Within this context, Diaz and Barreto’s pivotal efforts to ensure all eligible voters can cast a meaningful ballot couldn’t be more critical, especially because those efforts are squarely focused on protecting Latinos and other communities of color.

To this end, in just the past year and a half, LPPI has released research highlighting opportunities to expand access to the ballot box through vote-by-mail, the increasing influence of voters of color and information into why some may want to limit their power.

They are advocating for the need for deep, meaningful and sustained engagement of growing electorates like Latinos and Asian Americans. In December 2020, the Voting Rights Project hosted a symposium bringing together voting rights practitioners, expert witnesses, and legal scholars from around the country. The convening explored a path forward to protect the right to vote and craft a 21st Century voting rights act.

The work to increase Latino political power and strengthen the voting rights of underrepresented Americans is personal for Diaz. She marched in the streets with her parents to protest Prop 187, a California ballot proposition passed in 1994 that sought to restrict access to public services for undocumented immigrants.

“Protesting on the streets served as my first education in the power of the vote,” Diaz said. “It’s where I decided that I would use my power to advance equitable policy and expand civil rights, so that dignity and opportunity are not limited to where you live or how you identify, but accessible to everyone.”

UCLA Labor Center / IRLE Dedication, UCLA, James Lawson Jr., Worker Justice Center

For a building dedicated to ensuring fair treatment and opportunities for workers and that is located in the heart of one of Los Angeles’ working-class immigrant neighborhoods, naming it after iconic civil and workers’ rights leader Rev. James Lawson Jr. was perfect.

On Dec. 11, the UCLA Labor Center’s historic MacArthur Park building was officially named the UCLA James Lawson Jr. Worker Justice Center in honor Lawson, one of the civil rights movement’s most-prominent leaders of non-violent protest and a UCLA labor studies faculty member.

“Throughout history, many of our greatest leaders have urged us to look inward,” UCLA Chancellor Gene Block said to the audience of 300 attendees at a ceremony hosted by the Los Angeles County Federation of Labor in partnership with the Labor Center. “They ask: Who are we as people? What do we value? What kind of society do we want, and what are we willing to do to build it?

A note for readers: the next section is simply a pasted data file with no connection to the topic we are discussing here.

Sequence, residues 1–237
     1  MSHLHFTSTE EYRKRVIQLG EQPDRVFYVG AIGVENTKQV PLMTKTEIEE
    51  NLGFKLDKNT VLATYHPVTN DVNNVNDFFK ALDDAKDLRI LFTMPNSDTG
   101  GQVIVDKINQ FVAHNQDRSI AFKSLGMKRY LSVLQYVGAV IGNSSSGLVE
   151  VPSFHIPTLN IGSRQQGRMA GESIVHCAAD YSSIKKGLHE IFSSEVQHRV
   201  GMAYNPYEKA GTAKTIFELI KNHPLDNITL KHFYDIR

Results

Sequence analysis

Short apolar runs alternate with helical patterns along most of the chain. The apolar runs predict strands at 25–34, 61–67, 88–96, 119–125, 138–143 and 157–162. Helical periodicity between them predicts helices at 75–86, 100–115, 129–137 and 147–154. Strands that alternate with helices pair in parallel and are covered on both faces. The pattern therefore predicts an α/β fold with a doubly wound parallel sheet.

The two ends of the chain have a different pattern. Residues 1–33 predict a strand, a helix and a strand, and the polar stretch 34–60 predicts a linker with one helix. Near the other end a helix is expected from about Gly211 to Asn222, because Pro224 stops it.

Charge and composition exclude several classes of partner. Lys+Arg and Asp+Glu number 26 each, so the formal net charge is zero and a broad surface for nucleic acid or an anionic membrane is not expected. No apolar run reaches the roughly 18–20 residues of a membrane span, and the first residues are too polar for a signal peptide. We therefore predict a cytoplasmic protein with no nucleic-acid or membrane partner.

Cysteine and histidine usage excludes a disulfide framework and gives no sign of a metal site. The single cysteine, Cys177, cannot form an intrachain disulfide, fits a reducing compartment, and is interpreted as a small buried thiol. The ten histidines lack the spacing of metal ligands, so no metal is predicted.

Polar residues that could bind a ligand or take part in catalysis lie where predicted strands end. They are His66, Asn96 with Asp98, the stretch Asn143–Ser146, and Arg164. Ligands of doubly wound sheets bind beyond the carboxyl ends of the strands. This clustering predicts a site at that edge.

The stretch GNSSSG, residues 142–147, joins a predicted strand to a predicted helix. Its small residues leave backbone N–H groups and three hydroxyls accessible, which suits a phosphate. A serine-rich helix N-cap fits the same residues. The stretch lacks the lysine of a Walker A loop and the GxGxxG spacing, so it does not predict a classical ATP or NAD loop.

“For over 60 years, James Lawson has invited Americans to consider such pressing questions. He has insisted that humanity’s salvation lies in reason and compassion, not violence or exploitation. His vision and valor have mobilized Americans, changed this nation, and inspired activists around the globe.”

Once referred to as “the mind of the movement” and “the leading strategist of nonviolence in the world” by Dr. Martin Luther King Jr., Lawson, now 93, is known internationally for teaching nonviolent resistance tactics to young activists. In the course of his life, Lawson and his colleagues and students led lunch counter sit-ins, freedom rides and worker strikes including the historic 1968 Memphis Sanitation Strike during the civil rights movement.

Lawson said he was humbled by UCLA naming a building in his honor.

“I had no idea how to prepare for this moment. For this extraordinary experience of all of you and the coalition that came together, to make this possible,” Lawson said. “On behalf of my wife, Dorothy, and her parents, and my parents and our great grandparents, and all on behalf of our sons, our grandchildren … we thank you very much, absolutely astonishing — I could never have imagined anything like this at all.”

To read the rest of the UCLA newsroom story by Citlalli Chávez-Nava about this historic occasion, click HERE.

UCLA LPPI’s Founding Executive Director Sonja Diaz and former Policy Analyst Nick Gonzalez meeting with Assemblymember Jose Medina in Sacramento to advocate for ethnic studies as a high school graduation requirement. From left to right: Governmental Affairs Advisor Marvin Pineda, Nick Gonzalez, Senator María Elena Durazo, Assemblymember Medina, Sonja Diaz, Assemblymember Wendy Carrillo.

By: Alise Brillault

December 16, 2021

UCLA Latino Policy and Politics Initiative’s (UCLA LPPI) makes sure that their research does not just sit on the proverbial dusty shelf. Through indefatigable mobilization, advocacy and partnership efforts, UCLA LPPI ensures that the crucial data they uncover about the issues that matter most to Latinos gets into the hands of lawmakers. In fact, numerous California state bills were passed in 2021 due to UCLA LPPI’s research and advocacy efforts.

In a win for the comprehensive education of California’ s students, AB 101 was signed into law this year – making California the first state in the nation to mandate ethnic studies as a high school graduation requirement. Contributing to the efforts that drove the passage of AB 101, Nick Gonzalez, a former policy analyst at UCLA LPPI, authored a report on the importance of ethnic studies curriculum in a state whose students are increasingly students of color. Gonzalez also met multiple times with Assemblymember Jose Medina to present evidence that ethnic studies coursework in high school is associated with improved attendance, higher test scores and better interracial relations amongst students of all ethnic backgrounds.